baseline conditions, including characterization of ambient physical, chemical and biological
        water quality conditions in the Delta and SF Bay. Existing monitoring data from non-Project
        sources, combined with additional characterization data, should be considered. We recommend
        that you coordinate with the State Water Resources Control Board and Central Valley and San

        Francisco Bay Regional Water Quality Control Boards, which have jointly committed to
        developing a comprehensive regional monitoring program for the Delta, as one component of a
        Delta Strategic Plan.                                                        V

               VIn addition to describing baseline line conditions, the EIS should assess potential direct,
        indirect and cumulative impacts to water quality from Project activities such as sediment
        dredging and disposal, and describe how the water quality monitoring plan will be used to
        measure these impacts. The analysis in the EIS should discuss CWA Section 303(d) listings of
        impaired water bodies and TMDLs, such as for dissolved oxygcn (DO) and mercury, that are

under development or adopted for the Delta and SF Bay, and describe how the Project could
potentially affect the impairments represented by these measures.

         Channel deepening is expected to affect the hydrodynamics of the Delta and, potentially,
SF Bay. The EIS should describe these effects and the modeling used to inform the
determinations. The EIS should also discuss the potential for altered hydrodynamics to directly,
indirectly, and cumulatively affect water quality, biological resources, and other resources
influenced by hydrodynamic conditions in the Project area. EPA is particularly concerned, with
effects to dissolved oxygen and sahmty concentrations that could result from changes to
hydrodynamics from channel deepening. The Corps and the Port should include a long-term
monitoring component of the water quality sampling plan that will take these effects into
accounL              -                 V

        Tn addition to baseline and effects analysis, the ETS should describe avoidance and
mitigation measures to address water quality degradation from the Project. Mitigation should be
focused on meeting water quality standards and compliance with the CWA and the Porter-
Cologne Water Quality Control Act. The Central Valley and SF BayRegional Water Quality
Control Boards should be consulted as well as EPA, in the development of mitigation measures
and the water quality monitoring plan. Results of this coordination should be described in the
EIS                                                             V

Water Supply                       V                                                                  V

       Because of the importance of the Delta to water supply in California, the EIS should
include an analysis and discussion of how the alternatives could affect water supply conditions
within both a water delivery and water quality context.    V

BioloicaI Resources                                                              V

        The Sacramento San Joaquin Delta (Delta) is a biologically diverse ecosystem that will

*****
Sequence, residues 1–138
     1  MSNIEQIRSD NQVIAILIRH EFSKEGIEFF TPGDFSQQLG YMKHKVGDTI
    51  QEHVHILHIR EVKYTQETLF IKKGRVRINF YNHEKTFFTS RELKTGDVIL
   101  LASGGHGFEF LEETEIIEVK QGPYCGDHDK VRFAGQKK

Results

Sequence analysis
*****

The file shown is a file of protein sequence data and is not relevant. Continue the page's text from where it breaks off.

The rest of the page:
be affected by the Project. Several human-induced factors have resulted in degradation of Delta
habitats, resulting in the federal and state listings Of several threatened and endangered species
that could be further affected by the Project. The EIS should describe baseline habitat conditions
and species that occur, or could occur, in the Project area and areas that could be affected by
Project activities. Special emphasis should be on federally listed species protected under the
Federal Endangered Species Act. Currently the U.S. Fish and Wildlife Service, California
Department of Fish and Game, National Marine Fisheries Service, California Department of
Water Resources, U.S. Bureau of Reclamation and a number of water contractors are engaged in
a major effort to formulate a “Bay Delta Conservation Plan” that will address participants’       V

obligations pursuant to the Federal and California Endangered Species Acts (FESA and CESA).
Likewise, the Corps and the Port VWffl need to plansufficient

                                                                  time and resources to address
compliance with the FESA and CESA and describe this in the EIS.

       The Corps should also describe species that are protected by the California Endangered

Species Act. The Corps should conduct a rigorous analysisof potential Project effects on both
habitats and species, including direct, indirect, and cumulative impacts and describe mitigation
measures to address any unavoidable impacts of the Project on biological resources. The EIS
should describe coordination efforts with the U.S Fish & Wildlife Service, National Marine
Fisheries Service, and the California Department of Fish & Game and consistency with
appropriate state and the federal laws implemented by these agencies.

        Of particular interest is the potential impact of the Project on Delta smelt (Hypomesus
transpacficus) and other pelagic fishes in the Delta and San Francisco Bay. The Corps should
refer to the work of the Interagency Ecological Program (IEP) on pelagic organism decline
(POD). that has occurred in recent years. The Corps is encouraged to consult with EPA, and
should contact Mr. Bruce Herbold at (415) 972-3460 or by email at herbold.bruce@epa.gov.to
further discuss this issue.

        As part of the discussion of biological resources, the EIS should also consider the